Dear Graham.

Alicia Hendley
4 min readMar 26, 2022


Dear Graham, like a lot of people, I watched your BBC interview. And it got me to remember back a few years, to April, 2019, when I was permanently banned from Twitter. We were keyboard friends, online allies in the tiny, almost suffocating world of “gender criticals”.

I emailed, as we sometimes did, and you suggested that you’d use my profile pic as your own, to try and garner enough support to push Twitter to let me come back (something they almost never did with permanent bans). And, not only did you use my picture, you changed your profile name to “Alicia Hendley did nothing wrong”.

And for me? Damn, that was powerful. That was incredibly powerful, not only because it actually did get me back from my permanent ban (that is, until I was banned once again for being an obnoxious, transphobic tw*t), but because it gave me the proof I desperately needed at the time that I was right, and therefore, everyone in my real life, away from the world of the keyboard, was horribly, irrefutably wrong. That trying to deny trans women the rights of all women was what I had to do, even if my fearmongering rhetoric left figurative boot prints on so many innocent people. What martyrdom I displayed! My audacity made me incandescent!

Alicia Hendley did nothing wrong.

So validating, those words, Graham. Words I used several times to reinforce my belief that somehow all of the people who truly loved and respected me, who truly knew Alicia the mother, the friend, the spouse, the writer, the psychologist, the daughter, were wrong. That my former colleagues, all psychologists and social workers, were morons, or even worse, sheeple. That the reason the people who had always been there for me were there no longer was because they were wrong, or weak, mere cowards. My husband? My two eldest children? My best friends? My neighbours? All tainted by their cluelessness.

What a lonely place it was to be. But at least I had this:

Alicia Hendley did nothing wrong.

People who had previously accepted all of the messy and complicated, wonderful and screwed up layers that made me Me (versus just a one-dimensional GCer) started to distance themselves, or rather, I pushed them away, by my obsessive fixation on “sex-based rights”. Their initial concern, which was followed by frustration, and then by utter disbelief regarding my views and actions, were purely due to them being so wrong and me being so, so right.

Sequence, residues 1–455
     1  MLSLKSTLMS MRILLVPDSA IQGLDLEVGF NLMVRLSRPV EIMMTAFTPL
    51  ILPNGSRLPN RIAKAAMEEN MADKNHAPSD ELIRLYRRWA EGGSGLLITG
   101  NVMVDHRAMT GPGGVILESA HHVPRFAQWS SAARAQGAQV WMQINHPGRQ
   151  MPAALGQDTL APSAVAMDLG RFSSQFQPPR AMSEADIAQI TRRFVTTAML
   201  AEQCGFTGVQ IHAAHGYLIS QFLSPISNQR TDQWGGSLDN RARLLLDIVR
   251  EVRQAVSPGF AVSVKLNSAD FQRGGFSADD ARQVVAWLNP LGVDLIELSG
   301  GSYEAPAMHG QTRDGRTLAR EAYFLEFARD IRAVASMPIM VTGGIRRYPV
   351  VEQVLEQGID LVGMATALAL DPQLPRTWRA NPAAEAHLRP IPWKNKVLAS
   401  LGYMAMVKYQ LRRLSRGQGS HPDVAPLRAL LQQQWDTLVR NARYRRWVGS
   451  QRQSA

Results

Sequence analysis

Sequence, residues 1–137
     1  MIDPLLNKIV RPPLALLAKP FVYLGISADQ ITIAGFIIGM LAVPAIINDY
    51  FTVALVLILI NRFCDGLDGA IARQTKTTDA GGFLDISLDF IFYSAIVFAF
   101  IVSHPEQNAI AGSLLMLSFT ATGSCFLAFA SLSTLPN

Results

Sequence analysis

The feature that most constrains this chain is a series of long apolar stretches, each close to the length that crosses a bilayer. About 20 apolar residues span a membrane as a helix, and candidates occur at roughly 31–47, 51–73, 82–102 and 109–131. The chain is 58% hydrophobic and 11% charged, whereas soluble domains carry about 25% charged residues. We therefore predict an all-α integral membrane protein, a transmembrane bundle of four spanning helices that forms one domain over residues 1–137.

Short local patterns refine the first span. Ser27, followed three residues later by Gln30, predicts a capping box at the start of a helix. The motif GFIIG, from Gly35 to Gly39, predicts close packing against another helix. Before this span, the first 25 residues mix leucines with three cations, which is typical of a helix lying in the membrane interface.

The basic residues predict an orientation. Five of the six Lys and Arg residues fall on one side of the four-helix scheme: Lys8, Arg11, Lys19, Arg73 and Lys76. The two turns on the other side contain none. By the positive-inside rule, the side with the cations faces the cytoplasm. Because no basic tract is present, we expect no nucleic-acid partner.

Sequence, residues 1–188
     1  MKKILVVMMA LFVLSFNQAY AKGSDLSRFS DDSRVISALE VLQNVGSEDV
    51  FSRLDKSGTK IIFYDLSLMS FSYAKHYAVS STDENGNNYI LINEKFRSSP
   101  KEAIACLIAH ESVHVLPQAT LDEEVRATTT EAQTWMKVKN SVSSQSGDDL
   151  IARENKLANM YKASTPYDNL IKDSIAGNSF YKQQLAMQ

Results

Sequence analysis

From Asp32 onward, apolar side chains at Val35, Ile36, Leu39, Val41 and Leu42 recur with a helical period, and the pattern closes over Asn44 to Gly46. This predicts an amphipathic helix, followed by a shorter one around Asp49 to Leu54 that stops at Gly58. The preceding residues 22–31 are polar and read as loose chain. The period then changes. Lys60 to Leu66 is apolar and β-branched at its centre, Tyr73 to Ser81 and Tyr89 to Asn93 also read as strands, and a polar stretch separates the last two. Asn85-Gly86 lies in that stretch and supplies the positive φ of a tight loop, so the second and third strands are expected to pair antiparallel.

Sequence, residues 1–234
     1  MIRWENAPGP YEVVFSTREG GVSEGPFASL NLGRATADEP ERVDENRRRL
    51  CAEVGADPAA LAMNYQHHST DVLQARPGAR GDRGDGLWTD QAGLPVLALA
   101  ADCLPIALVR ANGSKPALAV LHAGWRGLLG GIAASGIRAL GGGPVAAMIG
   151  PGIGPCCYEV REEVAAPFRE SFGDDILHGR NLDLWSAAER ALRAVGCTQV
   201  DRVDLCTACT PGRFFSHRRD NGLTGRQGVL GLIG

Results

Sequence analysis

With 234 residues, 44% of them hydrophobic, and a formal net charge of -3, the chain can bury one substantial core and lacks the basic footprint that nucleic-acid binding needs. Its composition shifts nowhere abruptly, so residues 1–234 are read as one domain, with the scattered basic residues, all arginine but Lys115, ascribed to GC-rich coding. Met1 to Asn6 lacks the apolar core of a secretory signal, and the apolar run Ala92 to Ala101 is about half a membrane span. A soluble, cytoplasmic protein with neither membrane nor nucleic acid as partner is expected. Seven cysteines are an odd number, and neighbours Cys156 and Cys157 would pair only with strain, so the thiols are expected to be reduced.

Because, given the hurt and damage I’d caused, I had to be right. And in order for me to be right, all of the people who’d previously populated and coloured my world, who’d helped me build a life of creativity and connection, meaning and vibrancy, intellectual rigour and bawdy humour, had to be wrong. They had to be. Each and every person I truly loved and respected, who I had always viewed as intelligent, compassionate human beings, fully capable of autonomous, critical thought, had to be wrong, when it came to their belief that trans rights were human rights, and that trans women were women. They just had to be wrong. Because I was right, and because:

Alicia Hendley did nothing wrong.

So rooted was I in my bigoted rightness, that I didn’t take the time to weigh the opinions of my keyboard friends, with whom I only shared an ideology, against those of the real people in my life, whom I’d known and respected for years, to see which had more heft.

I didn’t take the time.

Because? Like you, I was “right”. Like you, I was convinced that it was everyone else who was experiencing a “mass delusion”, who refused to ignore the “war on women” (sound familiar?). Like you, I believed that I actually respected “true” trans people (I now can’t imagine few things more condescending than saying such a thing), and was just fighting a crazed, dangerous, manipulative mob of “trans activists”.

Like you I clung to the belief that it was a shadowy, indistinct group of bogeymen who were ultimately responsible for trying to take everything away from me, for “making” those intelligent, compassionate, loving people in my life start to distance themselves. It was the fault of everyone not on the “right side of history”, who caused me pain, rather than the deliberate, voluntary, self-destructive actions of my own making.

I remember the frustration of having no one close in my life “standing up for me”. Where the hell were those spineless bastards when I needed them?!? I remember how lonely that was, being “right”. I remember not realizing that when you have people in your life who are intelligent and compassionate, being right usually isn’t that lonely, and that there’s no need for them to stand up for you, because they’re already standing there, right there, beside you.

That perhaps, just perhaps, the loneliness doesn’t stem from being “right”, but from quite the opposite. And that you’ll only be able to reconnect with those who know you, truly know and possibly still love you, by finally admitting the scariest thing of all: that you aren’t (and never were) right. And, because of that horrific un-right-ness, you’ve done incredible, disgusting harm.

The truth?

Alicia Hendley did a hell of a lot wrong.

And Graham? So the fuck have you.



Alicia Hendley

Reader, writer, mother. PhD in clinical psych. Autistic. Someone who needs to simmer down, already.